Blogger Early & Family Literacy committee

Brain Exhausted? Streaming Media to the Rescue!

While I am not having quite as much difficulty concentrating as I did early on in the pandemic, delving deep into research articles has not gotten any easier. As part of my work on the Early and Family Literacy Committee, I have Google Scholar alerts for articles on the topics “early literacy” and “family literacy”. I receive a digest semi-weekly and skim through looking for articles relevant to our charge.

Blogger Jonathan Dolce

You STILL Can’t Beat Free

You STILL Can’t Beat FREE We live in an age of what economists call “perfect information“. This of course does not mean that the information we get is perfect, Instead, it means no hidden information. Perfect information more precisely means we all have access to instant information, understand its use as well as its plusses and minuses. But we also experience information overload, which is where we come in. And I’m here to help make your lives a wee bit easier, by finding all the free stuff! Ideas, downloads, and a touch of fun. I hope you enjoy and utilize these resources. And of course, I hope you enjoy all the fun stuff, too! Programming Ideas You Can Do! I will come over to your library if you say you can’t do any number of these…well…if you cover my expenses! ; )) When I was an Art major, we were…

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Children with Print Disabilities

Introduction The Library Service to Underserved Children and Their Caregivers committee is devoting the 2020-2021 calendar year to creating a vibrant, dynamic toolkit that provides ALSC members with up-to-date resources for working with marginalized populations.  Each toolkit page will provide professional and leisure reading recommendations, support for programming, and materials for families.  As dynamic documents, these pages will continue to grow and develop as we find new resources, share our experiences, and continue to learn.  Population This month, our focus is on serving children with print disabilities.  According to Maine – Accessible Educational Materials, “A student with a print disability is one who is unable to gain information from printed materials at an anticipated level for their grade, and needs alternative access or an accessible format (i.e., Braille, Large Print, Audio, Digital text) to gain information from and use those materials. Print disabilities commonly affect students with blindness, visual impairments,…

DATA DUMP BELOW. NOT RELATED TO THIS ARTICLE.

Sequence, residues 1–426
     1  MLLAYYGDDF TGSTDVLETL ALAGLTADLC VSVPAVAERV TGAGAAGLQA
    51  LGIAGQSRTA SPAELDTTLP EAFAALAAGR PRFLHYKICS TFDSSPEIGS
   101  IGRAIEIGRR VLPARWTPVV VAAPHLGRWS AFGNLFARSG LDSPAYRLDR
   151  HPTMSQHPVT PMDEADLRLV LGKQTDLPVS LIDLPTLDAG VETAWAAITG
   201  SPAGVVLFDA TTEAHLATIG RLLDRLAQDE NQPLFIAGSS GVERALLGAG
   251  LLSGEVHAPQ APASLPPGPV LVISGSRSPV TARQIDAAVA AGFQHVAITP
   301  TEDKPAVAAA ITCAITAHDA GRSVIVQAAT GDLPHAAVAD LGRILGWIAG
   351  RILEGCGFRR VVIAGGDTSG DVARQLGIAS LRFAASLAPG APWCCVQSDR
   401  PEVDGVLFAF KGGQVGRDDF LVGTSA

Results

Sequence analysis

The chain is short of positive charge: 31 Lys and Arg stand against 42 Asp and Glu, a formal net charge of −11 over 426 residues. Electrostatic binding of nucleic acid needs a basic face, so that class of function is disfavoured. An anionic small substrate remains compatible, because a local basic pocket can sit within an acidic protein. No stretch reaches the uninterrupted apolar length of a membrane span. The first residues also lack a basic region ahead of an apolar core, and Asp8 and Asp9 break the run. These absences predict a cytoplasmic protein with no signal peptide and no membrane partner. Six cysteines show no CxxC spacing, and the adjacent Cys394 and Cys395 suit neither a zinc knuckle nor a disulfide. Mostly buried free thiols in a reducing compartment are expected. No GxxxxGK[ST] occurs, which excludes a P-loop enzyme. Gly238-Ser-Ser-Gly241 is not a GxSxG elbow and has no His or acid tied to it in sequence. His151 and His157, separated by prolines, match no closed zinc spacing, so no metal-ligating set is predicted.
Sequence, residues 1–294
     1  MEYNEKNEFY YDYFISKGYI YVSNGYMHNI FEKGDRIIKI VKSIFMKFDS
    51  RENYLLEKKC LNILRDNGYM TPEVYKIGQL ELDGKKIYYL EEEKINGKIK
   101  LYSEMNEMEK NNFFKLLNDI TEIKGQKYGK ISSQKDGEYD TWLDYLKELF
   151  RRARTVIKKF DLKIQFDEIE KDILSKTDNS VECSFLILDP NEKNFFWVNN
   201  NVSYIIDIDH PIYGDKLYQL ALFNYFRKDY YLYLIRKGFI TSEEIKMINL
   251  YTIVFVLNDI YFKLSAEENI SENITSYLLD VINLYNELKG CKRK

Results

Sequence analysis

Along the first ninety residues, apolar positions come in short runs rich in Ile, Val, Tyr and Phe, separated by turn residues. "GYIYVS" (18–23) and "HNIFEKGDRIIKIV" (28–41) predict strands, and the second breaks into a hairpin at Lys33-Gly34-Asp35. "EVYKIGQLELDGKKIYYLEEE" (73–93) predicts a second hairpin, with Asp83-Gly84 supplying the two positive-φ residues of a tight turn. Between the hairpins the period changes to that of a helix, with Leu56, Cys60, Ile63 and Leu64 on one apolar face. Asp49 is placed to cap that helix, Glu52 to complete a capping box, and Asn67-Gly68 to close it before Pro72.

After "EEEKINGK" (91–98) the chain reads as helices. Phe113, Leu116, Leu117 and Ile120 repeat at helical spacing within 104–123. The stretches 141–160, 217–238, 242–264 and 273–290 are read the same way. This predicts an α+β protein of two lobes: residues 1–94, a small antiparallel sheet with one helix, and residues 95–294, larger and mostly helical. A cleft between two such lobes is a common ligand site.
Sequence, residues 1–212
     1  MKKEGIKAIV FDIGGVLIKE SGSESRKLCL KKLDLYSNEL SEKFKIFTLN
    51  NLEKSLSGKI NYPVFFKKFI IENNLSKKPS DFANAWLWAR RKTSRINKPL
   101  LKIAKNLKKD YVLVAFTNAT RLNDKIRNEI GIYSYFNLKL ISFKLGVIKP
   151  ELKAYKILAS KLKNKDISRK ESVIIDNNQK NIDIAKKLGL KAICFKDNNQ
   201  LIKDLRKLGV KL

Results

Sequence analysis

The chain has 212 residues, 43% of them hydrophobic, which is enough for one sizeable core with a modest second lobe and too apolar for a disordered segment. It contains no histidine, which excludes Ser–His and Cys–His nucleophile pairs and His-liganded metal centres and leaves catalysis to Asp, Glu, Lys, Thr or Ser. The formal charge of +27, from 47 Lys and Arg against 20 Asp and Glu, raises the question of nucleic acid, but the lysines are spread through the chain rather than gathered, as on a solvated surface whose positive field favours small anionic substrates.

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Glimmers of Hope: Sidewalk Stories

Hope! I can feel it in the air! Spring is upon us, COVID numbers are down, vaccinations are rising, and we here in California are moving down the color tiers of restrictions. We moved from the unrelenting purple tier to red last week, and more and more places are opening their doors to the public for the first time in a year! We are gearing up for our own rapidly approaching re-opening date at my library. Our doors are still closed to the public at the time of this writing. We have, however, started to do some outdoor programs, most notably Sidewalk Stories! The name is the program’s descriptor. We plunk down hula hoops at socially distanced intervals, crank up the sound system, make a little barrier, and away we go! We’ve completed three weeks of stories so far. I’ve learned a few things that I wanted to share in…

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Pet Show & Tell!